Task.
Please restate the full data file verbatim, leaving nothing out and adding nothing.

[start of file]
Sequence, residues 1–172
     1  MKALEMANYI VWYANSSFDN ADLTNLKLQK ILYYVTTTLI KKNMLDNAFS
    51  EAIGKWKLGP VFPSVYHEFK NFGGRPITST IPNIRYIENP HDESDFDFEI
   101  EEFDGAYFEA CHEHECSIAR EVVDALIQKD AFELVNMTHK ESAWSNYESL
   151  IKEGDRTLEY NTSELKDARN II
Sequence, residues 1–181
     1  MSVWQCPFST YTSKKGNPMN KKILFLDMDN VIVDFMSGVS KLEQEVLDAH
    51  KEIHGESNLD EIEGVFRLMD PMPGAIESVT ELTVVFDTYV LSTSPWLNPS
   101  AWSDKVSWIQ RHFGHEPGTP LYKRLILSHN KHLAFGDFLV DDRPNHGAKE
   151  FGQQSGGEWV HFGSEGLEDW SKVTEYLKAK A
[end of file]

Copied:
Sequence, residues 1–172
     1  MKALEMANYI VWYANSSFDN ADLTNLKLQK ILYYVTTTLI KKNMLDNAFS
    51  EAIGKWKLGP VFPSVYHEFK NFGGRPITST IPNIRYIENP HDESDFDFEI
   101  EEFDGAYFEA CHEHECSIAR EVVDALIQKD AFELVNMTHK ESAWSNYESL
   151  IKEGDRTLEY NTSELKDARN II
Sequence, residues 1–181
     1  MSVWQCPFST YTSKKGNPMN KKILFLDMDN VIVDFMSGVS KLEQEVLDAH
    51  KEIHGESNLD EIEGVFRLMD PMPGAIESVT ELTVVFDTYV LSTSPWLNPS
   101  AWSDKVSWIQ RHFGHEPGTP LYKRLILSHN KHLAFGDFLV DDRPNHGAKE
   151  FGQQSGGEWV HFGSEGLEDW SKVTEYLKAK A